" He was then a mere youth in humble circumstances. He was a TAILOR by 
trade, and he never rose in it, in so far as I have been able to discover, above the rank of 
a journeyman or operative. His social circumstances were very different from those (sic) 
who formed the membership of the Lodge Canongate Kilwinning. They were all (?) 
men of high social and professional position, and most unlikely to identify their associa- 
tions and surroundings with a youth of Petrie's stamp." 

The above much exaggerated affirmation so very confidently made as to the 
"high social and professional position" of all the brethren of 1787, is not likely to be 
favourably appreciated by the brethren of " professional position" or even by any brethren 
who may perchance \\a.\e patrician sympathies in the Lodge Canongate Kilwinning of 
the present day. 

Such a style of composition as I have now quoted was very different from that of 
Robert Burns ! His style, when descanting on such a theme, was this : 

"The honest man, though e'er so poor, 
Is king o' men for a' that." 

Past Master Somerville, of Ampherlaw, Past Master Thomas Drybrough,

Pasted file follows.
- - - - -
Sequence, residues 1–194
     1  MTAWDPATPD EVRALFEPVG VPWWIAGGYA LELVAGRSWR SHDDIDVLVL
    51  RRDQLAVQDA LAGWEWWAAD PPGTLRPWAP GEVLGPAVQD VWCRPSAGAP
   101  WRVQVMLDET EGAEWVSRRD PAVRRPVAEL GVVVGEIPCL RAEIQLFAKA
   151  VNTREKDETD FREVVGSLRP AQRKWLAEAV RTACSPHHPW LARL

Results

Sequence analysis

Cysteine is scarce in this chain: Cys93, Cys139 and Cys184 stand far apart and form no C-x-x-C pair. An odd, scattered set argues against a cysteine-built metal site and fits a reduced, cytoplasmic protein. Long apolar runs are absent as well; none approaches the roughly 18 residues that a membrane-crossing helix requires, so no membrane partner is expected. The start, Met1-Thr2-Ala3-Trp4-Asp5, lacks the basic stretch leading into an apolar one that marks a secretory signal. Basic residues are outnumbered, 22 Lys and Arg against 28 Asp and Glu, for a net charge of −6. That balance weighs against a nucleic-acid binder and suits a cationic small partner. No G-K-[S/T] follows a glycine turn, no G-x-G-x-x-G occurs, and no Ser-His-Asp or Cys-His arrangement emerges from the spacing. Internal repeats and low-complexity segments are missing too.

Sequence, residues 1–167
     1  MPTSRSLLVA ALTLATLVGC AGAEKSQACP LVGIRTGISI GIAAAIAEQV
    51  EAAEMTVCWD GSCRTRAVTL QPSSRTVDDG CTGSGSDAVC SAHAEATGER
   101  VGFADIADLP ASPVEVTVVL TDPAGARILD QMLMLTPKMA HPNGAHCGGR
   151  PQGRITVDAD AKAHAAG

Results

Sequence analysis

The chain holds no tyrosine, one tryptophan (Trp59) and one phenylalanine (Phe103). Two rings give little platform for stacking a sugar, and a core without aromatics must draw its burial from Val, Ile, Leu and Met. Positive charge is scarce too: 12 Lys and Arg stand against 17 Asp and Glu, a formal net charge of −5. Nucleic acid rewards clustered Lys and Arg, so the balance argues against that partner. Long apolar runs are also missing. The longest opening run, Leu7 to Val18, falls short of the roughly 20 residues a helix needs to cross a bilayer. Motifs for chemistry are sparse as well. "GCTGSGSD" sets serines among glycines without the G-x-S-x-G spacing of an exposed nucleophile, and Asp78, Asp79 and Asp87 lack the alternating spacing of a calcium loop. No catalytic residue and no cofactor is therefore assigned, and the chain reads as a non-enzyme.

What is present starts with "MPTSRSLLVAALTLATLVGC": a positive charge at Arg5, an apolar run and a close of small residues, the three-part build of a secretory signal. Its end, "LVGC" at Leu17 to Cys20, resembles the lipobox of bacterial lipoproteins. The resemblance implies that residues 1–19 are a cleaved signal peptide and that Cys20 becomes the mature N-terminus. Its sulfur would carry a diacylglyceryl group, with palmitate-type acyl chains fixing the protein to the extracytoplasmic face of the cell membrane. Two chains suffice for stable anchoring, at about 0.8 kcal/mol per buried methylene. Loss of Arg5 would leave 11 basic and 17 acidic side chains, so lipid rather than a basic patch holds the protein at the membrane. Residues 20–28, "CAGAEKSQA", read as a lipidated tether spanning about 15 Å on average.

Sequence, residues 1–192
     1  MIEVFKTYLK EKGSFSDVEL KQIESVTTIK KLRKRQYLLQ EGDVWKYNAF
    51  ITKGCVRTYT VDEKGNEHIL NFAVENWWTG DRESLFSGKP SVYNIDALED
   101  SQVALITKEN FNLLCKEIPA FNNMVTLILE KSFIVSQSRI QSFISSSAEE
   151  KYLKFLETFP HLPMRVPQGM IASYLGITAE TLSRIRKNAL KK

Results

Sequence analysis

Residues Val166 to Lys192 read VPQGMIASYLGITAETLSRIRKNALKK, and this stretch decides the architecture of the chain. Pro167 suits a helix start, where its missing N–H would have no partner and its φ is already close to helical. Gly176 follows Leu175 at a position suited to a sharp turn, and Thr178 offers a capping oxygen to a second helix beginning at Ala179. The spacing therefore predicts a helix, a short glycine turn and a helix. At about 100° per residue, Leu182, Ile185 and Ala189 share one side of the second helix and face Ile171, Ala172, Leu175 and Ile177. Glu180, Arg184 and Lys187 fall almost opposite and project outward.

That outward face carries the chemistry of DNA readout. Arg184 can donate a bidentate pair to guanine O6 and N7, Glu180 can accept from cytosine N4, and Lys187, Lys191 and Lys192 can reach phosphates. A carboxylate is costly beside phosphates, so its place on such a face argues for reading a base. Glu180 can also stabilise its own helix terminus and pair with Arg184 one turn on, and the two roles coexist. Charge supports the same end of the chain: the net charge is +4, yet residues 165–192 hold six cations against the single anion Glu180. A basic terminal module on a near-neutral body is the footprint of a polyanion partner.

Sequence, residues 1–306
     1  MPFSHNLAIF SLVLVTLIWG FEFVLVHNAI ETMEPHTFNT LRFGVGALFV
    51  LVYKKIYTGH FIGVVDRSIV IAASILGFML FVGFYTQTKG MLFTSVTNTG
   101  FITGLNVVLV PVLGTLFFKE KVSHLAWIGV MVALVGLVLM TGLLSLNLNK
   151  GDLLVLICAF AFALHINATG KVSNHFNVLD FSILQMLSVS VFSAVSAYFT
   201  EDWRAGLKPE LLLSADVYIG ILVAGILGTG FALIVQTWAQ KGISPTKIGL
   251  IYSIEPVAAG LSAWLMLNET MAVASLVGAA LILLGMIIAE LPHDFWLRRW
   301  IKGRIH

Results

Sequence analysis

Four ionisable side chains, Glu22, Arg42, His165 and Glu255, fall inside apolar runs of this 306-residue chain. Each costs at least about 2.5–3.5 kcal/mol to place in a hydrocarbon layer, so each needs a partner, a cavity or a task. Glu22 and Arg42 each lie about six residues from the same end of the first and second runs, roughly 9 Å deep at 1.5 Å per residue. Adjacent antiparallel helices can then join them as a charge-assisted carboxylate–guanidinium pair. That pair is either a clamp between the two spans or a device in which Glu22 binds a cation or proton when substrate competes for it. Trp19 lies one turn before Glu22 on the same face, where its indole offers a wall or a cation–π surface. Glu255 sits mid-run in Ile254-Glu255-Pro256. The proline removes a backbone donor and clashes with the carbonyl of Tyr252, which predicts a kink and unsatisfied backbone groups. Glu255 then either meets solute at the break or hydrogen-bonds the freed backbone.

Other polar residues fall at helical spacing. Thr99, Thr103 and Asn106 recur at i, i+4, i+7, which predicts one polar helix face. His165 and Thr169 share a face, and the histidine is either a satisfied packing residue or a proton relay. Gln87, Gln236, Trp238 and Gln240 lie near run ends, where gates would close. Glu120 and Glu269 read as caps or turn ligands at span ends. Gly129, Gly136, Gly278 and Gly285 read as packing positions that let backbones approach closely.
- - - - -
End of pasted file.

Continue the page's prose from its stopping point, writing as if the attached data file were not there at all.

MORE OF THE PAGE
and other old members of the Lodge, who had known William Petrie well, placed 
implicit reliance in his statements relative to Robert Burns and old times in the Canon- 
gate Kilwinning ; also, Brother Stewart Watson, who painted the inauguration picture, 
and Brother James Marshall, who wrote " A Winter with Robert Burns," had likewise 
implicit faith in the words of William Petrie, as uttered by him in course of their inter- 
view, described at page 20 ante, otherwise the narrative of that interview would not have 
appeared in the " Winter with Robert Burns." 

Therefore, until it can be proved that William Petrie was not a truthful or not an 
honest man, I claim that his statements, as reported by Brother James Marshall and 
Past Master Somerville, must be accepted as true in every particular. 

I have proved throughout these pages that the strictures indulged in by Brother 



24 

Mackenzie's correspondent regarding William Petrie are absolutely " unfounded," so far, 
at least, as the reference to his association with Canongate Kilwinning is concerned. 

In contrast to the correspondent's vain and unworthy attempt to undervalue Bro. 
William Petrie, and to disparage the obvious worth of his testimony merely because it 
so happened that he was "A TAILOR by trade, and he never rose in it, in so far as 
/ [Bro. Mackenzie's correspondent] have been able to discover above the rank of a 
journeyman or operative," the following quotation from a valuable address which was 
delivered in Lodge "Quatuor Coronati," 2076 E. C., 4th March 1892, by Brother Sir